Revisiting the cost of draft pick compensation

Jamie Squire

Last offseason, I tried to calculate the cost of draft-pick compensation by looking at the value of those picks. Here, I take the opposite approach and attempt to look at how much qualifying-offer free agents have lost as a result of compensation.

Another offseason is almost done and several more free agents have felt the sting of the qualifying offer. Ervin Santana, Stephen Drew and Kendrys Morales are still unsigned. Ubaldo Jimenez had to wait until February 17 to sign a slightly disappointing four-year, $50 million deal. Nelson Cruz even had to settle for a one-year, $8 million deal, after walking away from the $14 million qualifying offer, though his connection to the Biogenesis clinic was also a factor in his underwhelming market. These free agents all have their flaws but the key factor slowing down their market appears to be the cost of a draft pick that comes attached with signing them.

As Michael Clair noted on these pages recently, teams are probably more invested in the draft now than ever before, thanks to the hard-slotting system and the trend towards signing players to extensions prior to free agency. As a result, the less-than-premium free agents appear to be looking at a severely reduced market and being forced to accept lower offers than they would have likely received without the cost of draft picks attached to them. Faced with this tepid market, these free agents are waiting longer and longer to sign and even considering holding out until after the draft to cut a deal.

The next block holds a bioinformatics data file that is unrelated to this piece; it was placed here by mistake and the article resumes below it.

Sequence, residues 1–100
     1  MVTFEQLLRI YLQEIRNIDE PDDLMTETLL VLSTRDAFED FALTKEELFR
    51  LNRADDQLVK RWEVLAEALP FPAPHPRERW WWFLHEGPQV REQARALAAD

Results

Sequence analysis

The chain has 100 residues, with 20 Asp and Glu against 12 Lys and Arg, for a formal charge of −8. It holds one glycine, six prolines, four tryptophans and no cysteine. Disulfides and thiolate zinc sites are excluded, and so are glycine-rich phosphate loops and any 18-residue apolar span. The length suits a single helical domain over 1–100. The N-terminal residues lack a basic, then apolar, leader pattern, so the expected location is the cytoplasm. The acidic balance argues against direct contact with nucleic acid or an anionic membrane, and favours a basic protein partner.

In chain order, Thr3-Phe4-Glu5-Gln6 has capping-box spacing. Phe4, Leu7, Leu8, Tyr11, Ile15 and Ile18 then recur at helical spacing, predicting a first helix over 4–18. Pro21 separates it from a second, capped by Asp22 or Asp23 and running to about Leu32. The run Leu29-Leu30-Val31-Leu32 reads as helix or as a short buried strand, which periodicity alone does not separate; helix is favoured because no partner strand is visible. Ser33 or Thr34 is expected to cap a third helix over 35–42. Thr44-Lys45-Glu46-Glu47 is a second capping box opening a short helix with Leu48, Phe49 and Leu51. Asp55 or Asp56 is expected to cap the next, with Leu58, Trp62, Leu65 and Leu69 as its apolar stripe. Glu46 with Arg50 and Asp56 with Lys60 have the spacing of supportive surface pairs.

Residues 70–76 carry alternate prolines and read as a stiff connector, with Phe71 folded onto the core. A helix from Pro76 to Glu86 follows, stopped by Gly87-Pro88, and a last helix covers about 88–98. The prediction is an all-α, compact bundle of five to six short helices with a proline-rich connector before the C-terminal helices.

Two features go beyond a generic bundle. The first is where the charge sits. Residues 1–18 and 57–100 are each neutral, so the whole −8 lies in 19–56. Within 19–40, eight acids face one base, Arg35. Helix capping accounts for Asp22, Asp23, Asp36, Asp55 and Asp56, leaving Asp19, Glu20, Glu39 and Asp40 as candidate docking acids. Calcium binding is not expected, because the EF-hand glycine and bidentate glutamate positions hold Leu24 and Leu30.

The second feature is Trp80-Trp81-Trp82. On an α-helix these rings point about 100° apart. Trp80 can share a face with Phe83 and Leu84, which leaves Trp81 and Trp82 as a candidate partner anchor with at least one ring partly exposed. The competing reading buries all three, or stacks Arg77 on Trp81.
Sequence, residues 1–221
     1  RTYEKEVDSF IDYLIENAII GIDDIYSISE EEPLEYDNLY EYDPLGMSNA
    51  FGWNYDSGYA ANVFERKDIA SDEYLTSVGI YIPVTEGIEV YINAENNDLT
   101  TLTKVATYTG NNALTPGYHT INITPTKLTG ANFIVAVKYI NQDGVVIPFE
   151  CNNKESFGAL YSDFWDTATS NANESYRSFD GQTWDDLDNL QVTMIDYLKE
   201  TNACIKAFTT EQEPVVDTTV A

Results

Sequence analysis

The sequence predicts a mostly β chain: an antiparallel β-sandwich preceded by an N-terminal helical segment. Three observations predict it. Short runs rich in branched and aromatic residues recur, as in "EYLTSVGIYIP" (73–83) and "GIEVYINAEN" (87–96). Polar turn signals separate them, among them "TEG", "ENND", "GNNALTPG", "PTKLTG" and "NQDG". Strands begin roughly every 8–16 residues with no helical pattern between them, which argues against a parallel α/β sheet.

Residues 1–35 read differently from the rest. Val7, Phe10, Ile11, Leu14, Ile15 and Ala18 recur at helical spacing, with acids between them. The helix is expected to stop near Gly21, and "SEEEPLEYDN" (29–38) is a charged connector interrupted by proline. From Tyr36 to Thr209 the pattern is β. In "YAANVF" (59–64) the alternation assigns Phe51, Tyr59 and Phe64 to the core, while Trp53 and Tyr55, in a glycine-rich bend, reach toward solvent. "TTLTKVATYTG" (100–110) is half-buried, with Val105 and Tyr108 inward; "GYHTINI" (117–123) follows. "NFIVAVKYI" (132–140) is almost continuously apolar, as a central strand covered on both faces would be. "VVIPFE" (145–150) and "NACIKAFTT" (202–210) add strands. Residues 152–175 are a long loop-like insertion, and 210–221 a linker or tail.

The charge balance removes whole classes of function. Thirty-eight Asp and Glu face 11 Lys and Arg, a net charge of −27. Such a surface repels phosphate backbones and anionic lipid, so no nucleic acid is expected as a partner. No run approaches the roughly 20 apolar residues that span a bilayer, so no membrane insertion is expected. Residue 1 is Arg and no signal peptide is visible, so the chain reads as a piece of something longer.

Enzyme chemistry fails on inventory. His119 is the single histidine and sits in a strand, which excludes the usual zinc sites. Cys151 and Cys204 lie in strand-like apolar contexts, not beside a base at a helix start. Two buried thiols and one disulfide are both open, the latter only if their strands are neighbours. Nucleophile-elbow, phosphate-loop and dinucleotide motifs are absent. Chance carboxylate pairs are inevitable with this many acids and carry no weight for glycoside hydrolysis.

For many fans, this might be infuriating. The draft doesn't produce instant results the way a free agent addition can and watching teams turn down potentially productive additions because they aren't willing to sacrifice a pick that will have little impact on the 2014 can be hard to take. For teams, however, the additional cost of draft-pick compensation should be primarily a financial concern. A draft pick is an investment and it has an expected rate of return. If they lose that pick, they need to save the value of that expected return somewhere and the obvious solution is to discount the rate they are willing to pay for the player that will cost them that pick.